Staff Turnover Intention at Long-Term Care Facilities: Implications of Resident Aggression, Burnout, and Fatigue

Elsie Yan*, Debby Wan, Louis To, Haze K.L. Ng, Daniel W.L. Lai, Sheung Tak Cheng, Timothy Kwok, Edward M.F. Leung, Vivian W.Q. Lou, Daniel Fong, Habib Chaudhury, Karl Pillemer, Mark Lachs

*Corresponding author for this work

Research output: Contribution to journalJournal articlepeer-review


Objectives: Staff shortages and the high turnover rate of nursing assistants pose great challenges to long-term care. This study examined the effects of aggression from residents of long-term care facilities, burnout, and fatigue on staff turnover intention. The findings will help managers to devise effective measures to retain their staff.

Design: Cross-sectional descriptive study design.

Setting and Participants: A total of 800 nursing assistants were recruited from 70 long-term care facilities using convenience sampling.

Methods: The participants were individually interviewed and provided information about their turnover intention, resident aggression witnessed and experienced, self-efficacy, neuroticism, burnout, fatigue, and personal and facility characteristics.

Results: Hierarchical multiple regression analysis revealed that the size and organizational practices of long-term care facilities were not associated with staff turnover intention. Staff who spent less time in the industry reported witnessing resident-to-resident aggression, experienced resident-to-staff aggression, reported high levels of burnout, had acute or chronic fatigue, and had low levels of inter-shift recovery were more likely than others to report a high turnover intention.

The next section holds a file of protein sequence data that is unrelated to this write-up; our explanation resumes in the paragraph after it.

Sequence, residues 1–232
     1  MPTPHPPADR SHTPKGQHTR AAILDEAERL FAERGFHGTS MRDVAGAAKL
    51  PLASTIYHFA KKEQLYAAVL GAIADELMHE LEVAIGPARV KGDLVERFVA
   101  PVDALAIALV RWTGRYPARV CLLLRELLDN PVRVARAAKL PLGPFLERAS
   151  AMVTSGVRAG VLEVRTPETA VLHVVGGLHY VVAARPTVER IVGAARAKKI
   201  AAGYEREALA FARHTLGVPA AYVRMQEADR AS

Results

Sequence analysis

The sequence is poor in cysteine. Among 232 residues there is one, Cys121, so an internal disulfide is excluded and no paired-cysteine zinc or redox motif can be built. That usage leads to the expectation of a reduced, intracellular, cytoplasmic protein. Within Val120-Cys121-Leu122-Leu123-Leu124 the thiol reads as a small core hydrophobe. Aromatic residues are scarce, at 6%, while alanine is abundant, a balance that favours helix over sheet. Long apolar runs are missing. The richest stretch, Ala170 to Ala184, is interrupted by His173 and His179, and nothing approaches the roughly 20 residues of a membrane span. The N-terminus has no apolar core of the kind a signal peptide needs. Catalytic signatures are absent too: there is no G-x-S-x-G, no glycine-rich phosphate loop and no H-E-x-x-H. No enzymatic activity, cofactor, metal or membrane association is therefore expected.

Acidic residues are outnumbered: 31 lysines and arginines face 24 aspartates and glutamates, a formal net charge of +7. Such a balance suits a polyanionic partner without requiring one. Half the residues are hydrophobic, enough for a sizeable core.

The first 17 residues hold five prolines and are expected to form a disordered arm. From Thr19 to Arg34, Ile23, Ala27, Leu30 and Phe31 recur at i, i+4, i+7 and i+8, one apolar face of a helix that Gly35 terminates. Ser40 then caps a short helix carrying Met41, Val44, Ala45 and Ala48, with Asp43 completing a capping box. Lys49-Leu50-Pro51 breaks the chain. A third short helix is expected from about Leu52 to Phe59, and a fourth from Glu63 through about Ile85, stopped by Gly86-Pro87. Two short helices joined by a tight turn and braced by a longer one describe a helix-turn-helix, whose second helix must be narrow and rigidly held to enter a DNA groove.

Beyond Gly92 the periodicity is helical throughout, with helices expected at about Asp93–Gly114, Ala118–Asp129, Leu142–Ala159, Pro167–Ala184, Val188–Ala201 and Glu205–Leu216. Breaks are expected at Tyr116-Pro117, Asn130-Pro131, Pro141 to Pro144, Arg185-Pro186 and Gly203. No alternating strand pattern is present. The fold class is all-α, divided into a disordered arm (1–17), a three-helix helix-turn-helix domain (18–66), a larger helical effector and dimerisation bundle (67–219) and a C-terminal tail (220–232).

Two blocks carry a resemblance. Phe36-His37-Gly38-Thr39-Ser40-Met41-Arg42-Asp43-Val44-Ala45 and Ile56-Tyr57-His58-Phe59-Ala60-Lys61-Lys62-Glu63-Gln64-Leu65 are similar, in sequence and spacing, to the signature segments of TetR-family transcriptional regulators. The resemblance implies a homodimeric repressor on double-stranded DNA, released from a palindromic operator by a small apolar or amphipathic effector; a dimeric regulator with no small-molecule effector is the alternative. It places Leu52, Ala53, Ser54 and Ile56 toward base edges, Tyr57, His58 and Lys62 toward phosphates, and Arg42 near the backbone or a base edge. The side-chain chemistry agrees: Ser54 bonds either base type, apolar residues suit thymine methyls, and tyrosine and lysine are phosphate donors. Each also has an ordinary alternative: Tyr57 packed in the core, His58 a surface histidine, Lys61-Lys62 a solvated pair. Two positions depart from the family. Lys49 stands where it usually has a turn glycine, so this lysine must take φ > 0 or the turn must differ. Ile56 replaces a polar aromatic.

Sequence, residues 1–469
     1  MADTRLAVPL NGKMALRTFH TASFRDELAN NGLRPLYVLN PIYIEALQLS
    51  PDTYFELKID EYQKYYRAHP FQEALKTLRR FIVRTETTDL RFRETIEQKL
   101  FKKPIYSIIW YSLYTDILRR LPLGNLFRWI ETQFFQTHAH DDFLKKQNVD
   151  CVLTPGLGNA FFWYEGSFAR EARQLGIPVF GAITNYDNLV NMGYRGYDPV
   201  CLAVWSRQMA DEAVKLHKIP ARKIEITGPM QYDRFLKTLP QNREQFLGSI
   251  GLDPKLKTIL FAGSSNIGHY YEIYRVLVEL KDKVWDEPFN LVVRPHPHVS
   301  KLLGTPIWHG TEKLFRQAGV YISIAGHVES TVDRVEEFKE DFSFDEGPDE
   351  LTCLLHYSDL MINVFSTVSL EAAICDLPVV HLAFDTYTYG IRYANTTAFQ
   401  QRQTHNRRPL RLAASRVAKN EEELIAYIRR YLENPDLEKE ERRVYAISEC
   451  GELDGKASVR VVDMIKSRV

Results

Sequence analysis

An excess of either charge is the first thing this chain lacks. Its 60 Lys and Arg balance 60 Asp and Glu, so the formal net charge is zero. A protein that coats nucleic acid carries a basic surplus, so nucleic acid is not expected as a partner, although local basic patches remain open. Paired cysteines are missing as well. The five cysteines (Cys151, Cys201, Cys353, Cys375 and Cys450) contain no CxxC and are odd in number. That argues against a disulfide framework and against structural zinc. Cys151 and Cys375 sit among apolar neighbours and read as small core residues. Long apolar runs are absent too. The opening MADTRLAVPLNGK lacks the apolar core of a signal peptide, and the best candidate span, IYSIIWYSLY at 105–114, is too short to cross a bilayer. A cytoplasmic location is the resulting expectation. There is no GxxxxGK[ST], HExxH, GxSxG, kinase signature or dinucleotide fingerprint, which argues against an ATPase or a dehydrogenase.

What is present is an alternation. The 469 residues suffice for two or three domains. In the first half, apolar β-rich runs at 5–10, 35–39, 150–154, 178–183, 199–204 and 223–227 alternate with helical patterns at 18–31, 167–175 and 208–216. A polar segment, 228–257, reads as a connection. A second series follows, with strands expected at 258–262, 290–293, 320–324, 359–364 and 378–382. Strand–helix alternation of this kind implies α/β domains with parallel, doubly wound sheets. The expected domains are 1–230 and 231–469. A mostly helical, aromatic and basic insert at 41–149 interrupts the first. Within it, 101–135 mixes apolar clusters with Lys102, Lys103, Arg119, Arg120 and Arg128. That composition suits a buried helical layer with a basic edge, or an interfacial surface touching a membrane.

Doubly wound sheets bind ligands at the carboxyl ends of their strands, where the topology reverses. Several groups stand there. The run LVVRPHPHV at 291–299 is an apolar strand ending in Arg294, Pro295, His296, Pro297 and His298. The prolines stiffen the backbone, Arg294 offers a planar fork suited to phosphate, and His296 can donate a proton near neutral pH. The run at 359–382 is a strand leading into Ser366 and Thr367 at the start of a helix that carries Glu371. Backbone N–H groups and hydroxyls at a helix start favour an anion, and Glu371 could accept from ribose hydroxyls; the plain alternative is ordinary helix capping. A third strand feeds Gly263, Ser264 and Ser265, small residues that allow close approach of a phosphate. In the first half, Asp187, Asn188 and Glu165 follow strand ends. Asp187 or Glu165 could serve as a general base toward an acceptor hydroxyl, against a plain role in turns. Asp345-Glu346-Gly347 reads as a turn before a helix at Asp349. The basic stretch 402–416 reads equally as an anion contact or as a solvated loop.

Conclusions and Implications: Staff turnover poses great challenges to staff, residents, and organizations. This study identified important factors that may help support staff in long-term care facilities. Specific measures, such as person-centered care to diminish resident aggression by addressing residents’ unmet needs, work-directed programs to mitigate burnout and improve staff mental health, and flexible schedules to prevent fatigue should also be advocated to prevent staff turnover.

Original languageEnglish
Number of pages7
JournalJournal of the American Medical Directors Association
Publication statusE-pub ahead of print - 13 Nov 2023

Scopus Subject Areas

  • Nursing(all)
  • Health Policy
  • Geriatrics and Gerontology

User-Defined Keywords

  • long-term care
  • resident aggression
  • Staff turnover


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